9. Fiva, Jon H., 2009. "Does welfare policy affect residential choices? An empirical investigation accounting for policy endogeneity," Journal of Public Economics, Elsevier, vol. 93(3-4), pages 529-540, April.
  10. Jørgen Juel Andersen & Jon H. Fiva & Gisle James Natvik, 2010. "Voting when the Stakes are High," CESifo Working Paper Series 3167, CESifo Group Munich.
  11. Edward L. Glaeser & Bryce A. Ward, 2006. "Myths and Realities of American Political Geography," Journal of Economic Perspectives, American Economic Association, vol. 20(2), pages 119-144, Spring.
  12. Rolf Aaberge & Audun Langørgen & Magne Mogstad & Marit Østensen, 2008. "The Impact of Local Public Services and Geographical Cost of Living Differences on Poverty Estimates," Discussion Papers 551, Research Department of Statistics Norway.
  13. David S. Lee & Thomas Lemieux, 2009. "Regression Discontinuity Designs In Economics," Working Papers 1118, Princeton University, Department of Economics, Industrial Relations Section..
  14. Tim Besley, 2002. "Political institutions and policy choices: evidence from the United States," IFS Working Papers W02/13, Institute for Fiscal Studies.
  15. Jon H. Fiva & Olle Folke, 2011. "Mechanical and Psychological Effects of Electoral Reform," CESifo Working Paper Series 3505, CESifo Group Munich.
  16. Jon Fiva & Jørn Rattsø, 2007. "Local choice of property taxation: evidence from Norway," Public Choice, Springer, vol. 132(3), pages 457-470, September.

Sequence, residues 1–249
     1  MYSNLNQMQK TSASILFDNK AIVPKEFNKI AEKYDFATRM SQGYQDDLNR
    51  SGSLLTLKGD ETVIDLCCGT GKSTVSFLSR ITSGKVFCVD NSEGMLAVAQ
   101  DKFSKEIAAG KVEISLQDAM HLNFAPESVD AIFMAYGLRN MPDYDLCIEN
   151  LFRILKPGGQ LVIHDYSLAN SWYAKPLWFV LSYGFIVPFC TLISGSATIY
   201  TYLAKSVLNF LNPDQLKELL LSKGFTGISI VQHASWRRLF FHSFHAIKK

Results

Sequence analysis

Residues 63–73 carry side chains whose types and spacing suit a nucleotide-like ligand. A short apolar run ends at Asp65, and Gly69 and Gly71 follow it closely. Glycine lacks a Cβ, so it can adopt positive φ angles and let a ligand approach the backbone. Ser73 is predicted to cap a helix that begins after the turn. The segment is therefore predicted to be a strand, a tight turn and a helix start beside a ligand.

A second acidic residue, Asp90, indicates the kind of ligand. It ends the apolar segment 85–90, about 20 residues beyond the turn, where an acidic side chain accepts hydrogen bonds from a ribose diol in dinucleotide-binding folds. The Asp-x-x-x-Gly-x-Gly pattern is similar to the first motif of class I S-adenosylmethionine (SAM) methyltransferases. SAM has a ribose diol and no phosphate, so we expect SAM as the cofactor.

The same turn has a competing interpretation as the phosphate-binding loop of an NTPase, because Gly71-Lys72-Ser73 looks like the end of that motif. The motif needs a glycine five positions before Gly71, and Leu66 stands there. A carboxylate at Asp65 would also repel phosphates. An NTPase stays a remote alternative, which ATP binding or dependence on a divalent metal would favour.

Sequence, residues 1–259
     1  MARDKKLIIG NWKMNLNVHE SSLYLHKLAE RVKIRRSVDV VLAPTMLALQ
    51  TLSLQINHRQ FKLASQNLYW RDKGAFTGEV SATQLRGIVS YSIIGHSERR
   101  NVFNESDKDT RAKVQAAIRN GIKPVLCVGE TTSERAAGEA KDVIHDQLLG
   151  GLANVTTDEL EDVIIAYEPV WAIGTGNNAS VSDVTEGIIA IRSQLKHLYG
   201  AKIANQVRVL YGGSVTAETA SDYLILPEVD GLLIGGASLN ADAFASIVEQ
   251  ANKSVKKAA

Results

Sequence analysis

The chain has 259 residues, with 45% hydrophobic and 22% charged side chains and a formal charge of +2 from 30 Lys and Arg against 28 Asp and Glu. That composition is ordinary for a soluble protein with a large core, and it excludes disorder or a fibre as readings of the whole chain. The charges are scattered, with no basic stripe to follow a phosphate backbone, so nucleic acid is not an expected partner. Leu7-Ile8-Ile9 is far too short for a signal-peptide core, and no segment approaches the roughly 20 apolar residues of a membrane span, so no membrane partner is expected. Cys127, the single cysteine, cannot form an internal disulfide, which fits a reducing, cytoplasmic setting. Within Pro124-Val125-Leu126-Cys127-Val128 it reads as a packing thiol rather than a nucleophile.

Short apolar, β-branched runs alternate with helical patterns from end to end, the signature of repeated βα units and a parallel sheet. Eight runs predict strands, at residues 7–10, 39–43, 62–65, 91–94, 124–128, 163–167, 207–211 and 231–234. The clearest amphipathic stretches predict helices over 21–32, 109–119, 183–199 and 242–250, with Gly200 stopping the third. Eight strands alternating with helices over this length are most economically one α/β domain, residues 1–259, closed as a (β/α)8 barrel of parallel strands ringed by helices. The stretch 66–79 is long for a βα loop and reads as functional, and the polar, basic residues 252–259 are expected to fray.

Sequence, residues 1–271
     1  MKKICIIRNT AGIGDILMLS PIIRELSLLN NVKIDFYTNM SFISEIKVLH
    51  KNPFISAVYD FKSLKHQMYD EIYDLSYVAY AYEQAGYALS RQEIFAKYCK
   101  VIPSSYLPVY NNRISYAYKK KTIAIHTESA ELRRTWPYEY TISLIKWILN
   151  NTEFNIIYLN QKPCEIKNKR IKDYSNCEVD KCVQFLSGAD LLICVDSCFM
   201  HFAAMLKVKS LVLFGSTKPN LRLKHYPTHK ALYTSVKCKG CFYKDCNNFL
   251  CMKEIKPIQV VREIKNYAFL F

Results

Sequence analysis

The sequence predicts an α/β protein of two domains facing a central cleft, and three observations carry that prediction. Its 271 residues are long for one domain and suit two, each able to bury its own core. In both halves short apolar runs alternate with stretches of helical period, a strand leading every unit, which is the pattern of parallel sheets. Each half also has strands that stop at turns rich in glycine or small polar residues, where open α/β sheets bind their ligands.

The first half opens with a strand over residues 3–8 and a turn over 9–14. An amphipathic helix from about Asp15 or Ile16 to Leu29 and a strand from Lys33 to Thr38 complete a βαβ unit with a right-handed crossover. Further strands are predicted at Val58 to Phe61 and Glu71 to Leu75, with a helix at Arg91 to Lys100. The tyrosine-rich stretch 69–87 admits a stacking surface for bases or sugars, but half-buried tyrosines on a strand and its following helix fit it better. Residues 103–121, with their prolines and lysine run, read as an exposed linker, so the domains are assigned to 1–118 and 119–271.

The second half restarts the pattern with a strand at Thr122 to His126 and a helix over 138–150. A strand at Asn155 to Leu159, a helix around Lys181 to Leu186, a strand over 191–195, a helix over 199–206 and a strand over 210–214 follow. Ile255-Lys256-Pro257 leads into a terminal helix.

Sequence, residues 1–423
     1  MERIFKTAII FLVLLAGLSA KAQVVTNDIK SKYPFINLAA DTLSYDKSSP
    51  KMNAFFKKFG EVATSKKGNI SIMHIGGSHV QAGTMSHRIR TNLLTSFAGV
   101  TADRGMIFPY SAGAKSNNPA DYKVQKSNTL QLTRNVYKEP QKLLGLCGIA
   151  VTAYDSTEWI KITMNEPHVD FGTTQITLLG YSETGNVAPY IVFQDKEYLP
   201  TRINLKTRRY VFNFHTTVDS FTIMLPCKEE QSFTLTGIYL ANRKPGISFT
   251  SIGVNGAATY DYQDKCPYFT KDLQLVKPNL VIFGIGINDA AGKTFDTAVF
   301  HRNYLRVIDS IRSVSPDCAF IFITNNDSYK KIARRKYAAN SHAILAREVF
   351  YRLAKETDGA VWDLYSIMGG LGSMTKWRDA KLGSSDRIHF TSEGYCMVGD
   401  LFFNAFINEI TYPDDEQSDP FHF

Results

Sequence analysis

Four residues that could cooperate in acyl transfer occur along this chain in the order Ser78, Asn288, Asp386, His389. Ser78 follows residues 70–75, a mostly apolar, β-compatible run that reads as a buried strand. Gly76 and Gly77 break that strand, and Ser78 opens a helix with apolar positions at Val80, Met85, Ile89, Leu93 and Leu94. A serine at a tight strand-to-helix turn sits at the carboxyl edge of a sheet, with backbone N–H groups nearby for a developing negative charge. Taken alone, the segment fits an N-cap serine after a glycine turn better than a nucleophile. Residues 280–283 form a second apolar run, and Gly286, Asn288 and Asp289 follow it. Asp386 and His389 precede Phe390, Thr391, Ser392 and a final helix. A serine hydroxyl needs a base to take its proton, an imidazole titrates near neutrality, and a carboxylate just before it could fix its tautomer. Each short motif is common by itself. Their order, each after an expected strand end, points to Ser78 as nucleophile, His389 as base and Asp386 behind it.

17. Edward L. Glaeser & Bryce A. Ward, 2006. "Myths and Realities of American Political Geography," Harvard Institute of Economic Research Working Papers 2100, Harvard - Institute of Economic Research.
  18. Machin, Stephen & Salvanes, Kjell G., 2010. "Valuing School Quality via a School Choice Reform," IZA Discussion Papers 4719, Institute for the Study of Labor (IZA).
  19. Olle Folke, 2010. "Shades of brown and green: Party effects in proportional election systems," Working Papers 2010/25, Institut d'Economia de Barcelona (IEB).
  20. Alesina, Alberto, 1988. "Credibility and Policy Convergence in a Two-Party System with Rational Voters," American Economic Review, American Economic Association, vol. 78(4), pages 796-805, September.
  21. Borge, Lars-Erik & Rattso, J.Jorn, 2004. "Income distribution and tax structure: Empirical test of the Meltzer-Richard hypothesis," European Economic Review, Elsevier, vol. 48(4), pages 805-826, August.
  22. Borge, Lars-Erik, 1995. " Economic and Political Determinants of Fee Income in Norwegian Local Governments," Public Choice, Springer, vol. 83(3-4), pages 353-73, June.
  23. Glaeser, Edward L. & Ward, Bryce A., 2006. "Myths and Realities of American Political Geography," Working Paper Series rwp06-007, Harvard University, John F. Kennedy School of Government.
  24. Borge, Lars-Erik & Sorensen, Rune J, 2002. " Aggregating Spending Preferences: An Empirical Analysis of Party Preferences in Norwegian Local Governments," Public Choice, Springer, vol. 110(3-4), pages 225-43, March.
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Citations

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Cited by:
  1. Gisle James Natvik & Jørgen Juel Andersen & Jon H. Fiva, 2010. "Voting when the stakes are high," Working Paper 2010/15, Norges Bank.
  2. Ade, Florian & Freier, Ronny, 2013. "Divided government versus incumbency externality effect—Quasi-experimental evidence on multiple voting decisions," European Economic Review, Elsevier, vol. 64(C), pages 1-20.